More than three years after the rush to support remote work, it may be time to rethink and refresh some of the equipment put in place earlier to better enable and empower workers to be more productive and effective on the go.
One particular piece of hardware that (small and medium-sized enterprises) SMEs should take note of is the ubiquitous laptop PC. “Company issue” should not be a bad name simply because a laptop is issued to a staff member. Instead, finding a laptop up to the task at hand is critical to meeting business objectives.
Laptops made for business
Not all laptops are made the same. Some are lightweight and meant more for the road while others cover a wide range of uses.
For example, premium ultraportables that offer performance in a compact package may be useful for travelling executives but usually come at a higher cost.
That said, staff who are not on the go often may also be working from home, so they may still prefer something still portable enough to lug home after a day’s work.
Either way, it is important to pick up a “business class” laptop that comes with the performance, durability and easy management for real work to be done. Here are some pointers to picking the right laptop.
Don’t save on performance
Consider having some headroom for performance when choosing a laptop because it impacts efficiency directly. Avoid the frustration of waiting for a presentation or video file to load.
While it may be tempting to consider that a staff member only needs a certain amount or memory for tasks like e-mails and internet access, think about future apps that will continue to take up more resources as they sport new features.
It is prudent to invest more in, say, a faster CPU and more solid-state drive and memory capacity to enable the laptop to enable productivity and to be useful over a longer period of time.
Make sure it lasts
Look for a business class laptop that is durable, for example, with Corning Gorilla Glass, that will withstand hard knocks on the screen from day to day.
Not everyone may need a fully ruggedised laptop, to be sure, but a business class laptop usually comes with features that will ensure it lasts last longer.
It should stand up to the rigours of being carried around, banged into office cupboards accidentally or even having water accidentally spilled onto it (with spill-resistant keyboards).
Think of security
Most laptops have some form of security built in but consider features such as privacy shutters that close your camera for good and privacy screens that prevent someone sitting next to you on a plane from peering at last quarter’s sales revenues.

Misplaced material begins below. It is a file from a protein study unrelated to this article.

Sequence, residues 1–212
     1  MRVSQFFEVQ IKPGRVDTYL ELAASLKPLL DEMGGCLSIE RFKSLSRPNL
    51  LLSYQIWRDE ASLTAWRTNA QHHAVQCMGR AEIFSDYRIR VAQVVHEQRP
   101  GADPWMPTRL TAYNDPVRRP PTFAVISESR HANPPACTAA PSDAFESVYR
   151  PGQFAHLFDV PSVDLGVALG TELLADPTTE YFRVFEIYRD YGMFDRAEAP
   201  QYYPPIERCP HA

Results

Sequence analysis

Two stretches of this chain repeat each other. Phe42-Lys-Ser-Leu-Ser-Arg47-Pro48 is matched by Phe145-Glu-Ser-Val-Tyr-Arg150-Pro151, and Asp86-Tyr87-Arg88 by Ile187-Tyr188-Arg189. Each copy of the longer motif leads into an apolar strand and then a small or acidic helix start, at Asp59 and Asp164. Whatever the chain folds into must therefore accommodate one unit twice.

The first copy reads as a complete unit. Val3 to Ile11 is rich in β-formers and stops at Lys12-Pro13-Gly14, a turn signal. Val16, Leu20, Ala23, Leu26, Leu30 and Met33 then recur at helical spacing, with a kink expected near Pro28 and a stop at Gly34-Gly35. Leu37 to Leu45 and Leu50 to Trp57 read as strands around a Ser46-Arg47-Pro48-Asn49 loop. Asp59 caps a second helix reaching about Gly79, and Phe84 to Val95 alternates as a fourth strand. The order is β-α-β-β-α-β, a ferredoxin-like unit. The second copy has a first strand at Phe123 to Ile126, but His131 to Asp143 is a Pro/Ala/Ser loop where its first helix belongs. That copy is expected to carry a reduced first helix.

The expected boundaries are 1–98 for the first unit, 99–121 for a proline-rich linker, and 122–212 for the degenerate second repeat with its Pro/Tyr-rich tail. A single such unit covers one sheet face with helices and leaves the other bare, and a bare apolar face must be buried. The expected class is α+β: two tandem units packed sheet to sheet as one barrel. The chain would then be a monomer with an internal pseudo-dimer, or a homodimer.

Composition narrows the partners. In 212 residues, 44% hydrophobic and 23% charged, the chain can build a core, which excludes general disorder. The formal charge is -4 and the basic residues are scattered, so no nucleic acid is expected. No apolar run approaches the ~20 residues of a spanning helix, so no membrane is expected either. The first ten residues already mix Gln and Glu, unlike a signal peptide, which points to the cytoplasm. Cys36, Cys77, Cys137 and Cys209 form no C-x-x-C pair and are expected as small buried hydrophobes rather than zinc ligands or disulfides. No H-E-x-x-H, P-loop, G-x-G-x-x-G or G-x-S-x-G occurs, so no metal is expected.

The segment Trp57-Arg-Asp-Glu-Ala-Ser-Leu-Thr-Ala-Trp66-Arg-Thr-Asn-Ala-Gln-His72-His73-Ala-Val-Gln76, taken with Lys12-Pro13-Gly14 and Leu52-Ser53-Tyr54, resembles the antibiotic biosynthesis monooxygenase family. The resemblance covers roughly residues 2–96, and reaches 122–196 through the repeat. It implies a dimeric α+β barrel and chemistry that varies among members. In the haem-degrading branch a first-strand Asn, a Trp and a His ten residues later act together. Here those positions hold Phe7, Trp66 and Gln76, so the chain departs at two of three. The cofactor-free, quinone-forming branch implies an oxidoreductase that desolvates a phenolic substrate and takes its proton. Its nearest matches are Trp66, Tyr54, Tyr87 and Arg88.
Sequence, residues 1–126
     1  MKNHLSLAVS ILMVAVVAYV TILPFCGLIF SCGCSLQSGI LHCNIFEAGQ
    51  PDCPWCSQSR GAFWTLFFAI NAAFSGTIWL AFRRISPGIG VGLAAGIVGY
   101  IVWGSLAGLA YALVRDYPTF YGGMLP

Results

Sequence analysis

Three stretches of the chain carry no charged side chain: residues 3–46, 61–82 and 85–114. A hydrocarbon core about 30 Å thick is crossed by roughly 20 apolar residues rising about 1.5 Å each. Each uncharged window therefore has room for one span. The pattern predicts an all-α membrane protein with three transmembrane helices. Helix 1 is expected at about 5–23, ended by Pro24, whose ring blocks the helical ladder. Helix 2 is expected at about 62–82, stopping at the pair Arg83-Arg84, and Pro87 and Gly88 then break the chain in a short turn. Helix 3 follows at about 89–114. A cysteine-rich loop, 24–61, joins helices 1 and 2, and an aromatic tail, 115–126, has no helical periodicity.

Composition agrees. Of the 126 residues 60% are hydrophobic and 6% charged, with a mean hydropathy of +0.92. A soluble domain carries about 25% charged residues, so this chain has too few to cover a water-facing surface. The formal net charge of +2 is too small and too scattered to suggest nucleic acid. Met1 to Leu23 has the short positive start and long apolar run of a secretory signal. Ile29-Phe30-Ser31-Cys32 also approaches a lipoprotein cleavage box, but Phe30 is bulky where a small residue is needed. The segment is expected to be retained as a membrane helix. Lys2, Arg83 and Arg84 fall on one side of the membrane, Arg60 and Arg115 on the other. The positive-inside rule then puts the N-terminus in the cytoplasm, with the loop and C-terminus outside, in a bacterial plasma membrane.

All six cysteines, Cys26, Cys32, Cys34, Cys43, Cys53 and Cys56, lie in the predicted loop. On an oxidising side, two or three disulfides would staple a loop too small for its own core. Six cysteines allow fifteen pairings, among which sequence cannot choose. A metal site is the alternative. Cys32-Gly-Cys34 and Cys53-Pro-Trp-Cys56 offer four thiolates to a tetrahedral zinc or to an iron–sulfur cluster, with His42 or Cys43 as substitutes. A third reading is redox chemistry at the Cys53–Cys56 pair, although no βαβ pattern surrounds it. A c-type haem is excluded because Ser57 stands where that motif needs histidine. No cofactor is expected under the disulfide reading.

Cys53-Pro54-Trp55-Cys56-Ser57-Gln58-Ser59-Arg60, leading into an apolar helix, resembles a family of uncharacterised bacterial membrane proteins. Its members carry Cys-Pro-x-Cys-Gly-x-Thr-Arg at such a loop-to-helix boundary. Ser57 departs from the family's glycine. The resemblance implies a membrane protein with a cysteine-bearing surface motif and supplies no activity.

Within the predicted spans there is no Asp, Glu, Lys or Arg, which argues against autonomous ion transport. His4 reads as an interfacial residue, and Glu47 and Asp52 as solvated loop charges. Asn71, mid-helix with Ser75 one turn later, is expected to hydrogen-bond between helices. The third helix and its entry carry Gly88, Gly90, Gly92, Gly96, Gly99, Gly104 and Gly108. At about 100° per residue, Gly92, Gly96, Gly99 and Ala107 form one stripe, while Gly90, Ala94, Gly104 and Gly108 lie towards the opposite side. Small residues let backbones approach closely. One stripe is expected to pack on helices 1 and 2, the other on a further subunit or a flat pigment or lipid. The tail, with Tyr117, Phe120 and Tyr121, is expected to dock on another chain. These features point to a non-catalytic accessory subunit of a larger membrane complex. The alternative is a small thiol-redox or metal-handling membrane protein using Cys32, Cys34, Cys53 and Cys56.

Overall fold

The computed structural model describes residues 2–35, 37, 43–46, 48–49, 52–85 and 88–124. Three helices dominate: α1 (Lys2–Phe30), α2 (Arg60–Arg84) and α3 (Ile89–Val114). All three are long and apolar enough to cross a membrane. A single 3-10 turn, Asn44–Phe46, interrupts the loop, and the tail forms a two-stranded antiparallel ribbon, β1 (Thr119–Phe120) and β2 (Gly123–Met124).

Biometric logins, using face recognition or fingerprint sensors, make it safer and easier for a user to log in securely as well. These can also be integrated with your SME’s security framework.
For those who want an additional layer of security, both Intel and AMD CPUs, which are used in many Windows-based business PCs today, offer “pro” versions of their CPUs that come with more security options than regular consumer PCs.
Intel vPro processors, for example, use hardware-based security that works beneath the operating system to protect the firmware and software from being compromised. AMD Pro processors do the same.
Managing your assets holistically
Whether or not you have an IT department, it is important to consider managing your IT assets, including your laptops that are the essential tools for employees.
Laptops with Intel vPro and AMD Pro processors, for example, work with a variety of IT management tools to let administrators easily manage them in-band and out-of-band. This helps to better account for and track assets across an organisation as it grows.
The management tools also help with technical support. Even if a laptop is powered off or unresponsive, an IT desk can rely on remote management to manage and even repair the PC, for example, if a user cannot access the operating system.
Investing in a laptop is investing in your SME
Investing in the right hardware for employees is investing in employees who are crucial to the success of an organisation.
Especially with new hybrid workstyles, staff will be more engaged, effective and successful in their collaboration with fellow team members and other partners to deliver the results expected.
Just as it is important to pick the right cloud provider or broadband operator, SMEs should carefully select the primary digital tool used every day by staff.